"How do I love thee? Let me count the ways....I know 52 of them."

Court adjourned!

Wednesday, June 27, 2007

Rammer Jammer Yellowhammer!
The Naked Vine's in Alabama!

The good folks at Planet Weekly in Tuscaloosa, Alabama, are the latest to join the Vine family. I may not be able to install sauvignon blanc as the official tailgating beverage at the Iron Bowl, but I guarantee I'll find you a pairing for some Dreamland take-out.

Get yourself a glass, pull up a seat, kick back, and stay awhile...

Thursday, June 21, 2007

"Woke up this morning/Got yourself the Vine…"

Only fitting as a tribute to the now-departed Sopranos that I give Italy some more space. Since the series focused on Italian expatriates, I thought I'd look at Italian expatriate wines. (OK, it's a stretch -- I needed a lead…sue me…)

What do I mean by "expatriate wines?" Many grapes are native to a certain region or country. For the most part, grapes prefer their original terroir. Wines from a grape's native region tend to be better examples of a particular varietal, but not always. Planting a grape in a different country’s soil sometimes yields an interesting result.

For example, malbec -- a humble blending grape in France -- took root in Argentina and became an excellent red on its own. Riesling, long of Germany and Alsace, takes on a very different character outside the Rhineland. Italian grapes largely don't fare well outside the confines of their motherland. Italian grapes tend to be persnickety -- requiring very specific climates and soils.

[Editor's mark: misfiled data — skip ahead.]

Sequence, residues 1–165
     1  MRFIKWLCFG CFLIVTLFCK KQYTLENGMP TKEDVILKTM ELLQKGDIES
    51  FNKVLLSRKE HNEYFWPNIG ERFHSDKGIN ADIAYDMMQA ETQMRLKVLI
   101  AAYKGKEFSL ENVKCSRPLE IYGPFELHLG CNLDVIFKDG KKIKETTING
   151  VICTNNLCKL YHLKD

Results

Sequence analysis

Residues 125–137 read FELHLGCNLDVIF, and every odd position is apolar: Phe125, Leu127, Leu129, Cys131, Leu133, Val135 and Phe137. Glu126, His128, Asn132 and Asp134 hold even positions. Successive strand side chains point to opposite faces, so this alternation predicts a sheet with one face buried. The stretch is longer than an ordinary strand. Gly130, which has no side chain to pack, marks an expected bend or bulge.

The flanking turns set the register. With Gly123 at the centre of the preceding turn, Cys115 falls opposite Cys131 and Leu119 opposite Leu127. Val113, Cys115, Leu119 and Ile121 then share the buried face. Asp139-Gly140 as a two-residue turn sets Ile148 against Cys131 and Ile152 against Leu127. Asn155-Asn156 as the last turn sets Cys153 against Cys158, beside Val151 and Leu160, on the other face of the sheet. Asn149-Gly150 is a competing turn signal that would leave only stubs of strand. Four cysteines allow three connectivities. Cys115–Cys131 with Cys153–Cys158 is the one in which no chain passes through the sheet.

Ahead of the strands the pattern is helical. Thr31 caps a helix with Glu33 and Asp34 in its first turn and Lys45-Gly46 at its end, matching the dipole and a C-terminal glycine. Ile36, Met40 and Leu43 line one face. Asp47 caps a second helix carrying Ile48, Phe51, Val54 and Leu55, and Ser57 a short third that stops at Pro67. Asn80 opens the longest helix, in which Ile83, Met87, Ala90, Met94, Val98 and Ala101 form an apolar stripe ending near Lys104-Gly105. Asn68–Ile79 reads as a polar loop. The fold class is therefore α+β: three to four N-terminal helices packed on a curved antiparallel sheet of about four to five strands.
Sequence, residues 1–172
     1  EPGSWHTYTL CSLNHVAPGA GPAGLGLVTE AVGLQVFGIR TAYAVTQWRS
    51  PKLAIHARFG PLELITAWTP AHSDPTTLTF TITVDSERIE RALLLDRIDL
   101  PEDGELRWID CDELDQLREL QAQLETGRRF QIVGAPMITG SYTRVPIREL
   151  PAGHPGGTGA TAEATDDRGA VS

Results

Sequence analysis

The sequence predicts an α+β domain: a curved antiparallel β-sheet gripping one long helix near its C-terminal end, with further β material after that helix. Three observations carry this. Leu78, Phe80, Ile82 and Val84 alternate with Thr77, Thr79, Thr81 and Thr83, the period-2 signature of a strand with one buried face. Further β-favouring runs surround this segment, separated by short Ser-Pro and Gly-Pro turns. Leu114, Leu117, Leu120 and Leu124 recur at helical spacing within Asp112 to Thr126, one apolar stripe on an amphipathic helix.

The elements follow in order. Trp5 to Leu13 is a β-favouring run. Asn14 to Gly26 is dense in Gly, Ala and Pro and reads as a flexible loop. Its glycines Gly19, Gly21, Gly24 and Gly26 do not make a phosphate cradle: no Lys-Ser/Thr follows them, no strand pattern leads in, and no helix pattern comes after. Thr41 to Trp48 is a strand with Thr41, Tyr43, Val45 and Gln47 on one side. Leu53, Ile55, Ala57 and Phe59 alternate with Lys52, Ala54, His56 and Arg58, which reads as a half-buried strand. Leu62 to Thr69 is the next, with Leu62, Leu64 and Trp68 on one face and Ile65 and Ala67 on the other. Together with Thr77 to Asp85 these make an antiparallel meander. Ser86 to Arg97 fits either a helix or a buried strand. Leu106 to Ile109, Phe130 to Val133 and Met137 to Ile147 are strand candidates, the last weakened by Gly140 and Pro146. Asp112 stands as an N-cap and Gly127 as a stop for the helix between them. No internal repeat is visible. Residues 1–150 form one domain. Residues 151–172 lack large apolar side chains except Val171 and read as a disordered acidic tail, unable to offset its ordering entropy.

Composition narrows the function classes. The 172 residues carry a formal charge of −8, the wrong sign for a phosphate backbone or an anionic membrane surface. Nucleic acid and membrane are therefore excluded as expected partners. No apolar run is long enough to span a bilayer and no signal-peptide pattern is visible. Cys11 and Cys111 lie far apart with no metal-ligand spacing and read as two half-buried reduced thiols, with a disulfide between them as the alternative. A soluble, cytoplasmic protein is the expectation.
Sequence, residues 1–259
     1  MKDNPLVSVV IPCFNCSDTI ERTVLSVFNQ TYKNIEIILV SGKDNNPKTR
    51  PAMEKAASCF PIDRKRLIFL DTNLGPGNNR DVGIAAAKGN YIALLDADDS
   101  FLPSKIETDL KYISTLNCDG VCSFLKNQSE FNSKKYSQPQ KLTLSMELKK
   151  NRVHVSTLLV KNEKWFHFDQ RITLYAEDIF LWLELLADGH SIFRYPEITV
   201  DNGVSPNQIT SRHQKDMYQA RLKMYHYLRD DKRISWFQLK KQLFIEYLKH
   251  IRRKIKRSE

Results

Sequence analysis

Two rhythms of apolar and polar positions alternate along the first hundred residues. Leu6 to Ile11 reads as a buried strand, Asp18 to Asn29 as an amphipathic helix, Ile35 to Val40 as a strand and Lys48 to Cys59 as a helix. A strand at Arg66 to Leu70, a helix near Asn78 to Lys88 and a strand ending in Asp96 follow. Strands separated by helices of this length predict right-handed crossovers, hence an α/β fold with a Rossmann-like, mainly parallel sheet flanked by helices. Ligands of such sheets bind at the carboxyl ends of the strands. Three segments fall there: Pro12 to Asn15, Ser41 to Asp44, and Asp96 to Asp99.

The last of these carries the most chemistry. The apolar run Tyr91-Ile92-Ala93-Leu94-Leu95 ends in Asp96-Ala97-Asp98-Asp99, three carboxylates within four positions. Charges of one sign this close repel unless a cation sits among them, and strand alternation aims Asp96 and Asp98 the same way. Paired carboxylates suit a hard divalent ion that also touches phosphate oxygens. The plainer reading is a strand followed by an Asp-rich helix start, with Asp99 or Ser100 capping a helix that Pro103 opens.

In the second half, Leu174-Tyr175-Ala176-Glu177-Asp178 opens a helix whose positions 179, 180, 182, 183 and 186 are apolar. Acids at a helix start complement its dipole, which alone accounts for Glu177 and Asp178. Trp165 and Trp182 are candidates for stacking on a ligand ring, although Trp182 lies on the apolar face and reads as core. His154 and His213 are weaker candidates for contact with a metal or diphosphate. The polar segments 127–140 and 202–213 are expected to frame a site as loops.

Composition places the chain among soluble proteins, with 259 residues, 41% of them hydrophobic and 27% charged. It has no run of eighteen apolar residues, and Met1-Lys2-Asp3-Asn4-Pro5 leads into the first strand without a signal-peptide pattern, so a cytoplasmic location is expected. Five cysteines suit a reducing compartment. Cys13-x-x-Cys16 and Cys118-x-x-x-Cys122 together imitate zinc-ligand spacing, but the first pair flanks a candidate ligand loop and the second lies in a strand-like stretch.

Luckily, there are always a few winemakers who have enough stubbornness and desire for particular wine styles to overcome a grape’s homesick tendencies. A few other places around the globe are now making good wines from Italian stock. For instance, Sangiovese -- the backbone grape of Chianti, is now cultivated somewhat widely in California. The results are quite interesting – try one next to a Chianti Classico and see what I mean. Here are a few other Italian grapes "out of their element" for your consideration:

Blue Fish 2005 Pinot Grigio Pfalz -- Pinot Grigio actually hails from Burgundy, where it is known as pinot gris. Much like the nomenclature of Shiraz and Syrah, winemakers tend to name their wines after the style the wine most resembles. Drier wines tend to be labeled "Pinot Grigio." Blue Fish is best known for making solid, inexpensive Riesling, but recently started experimenting with other varietals, including Pinot Grigio.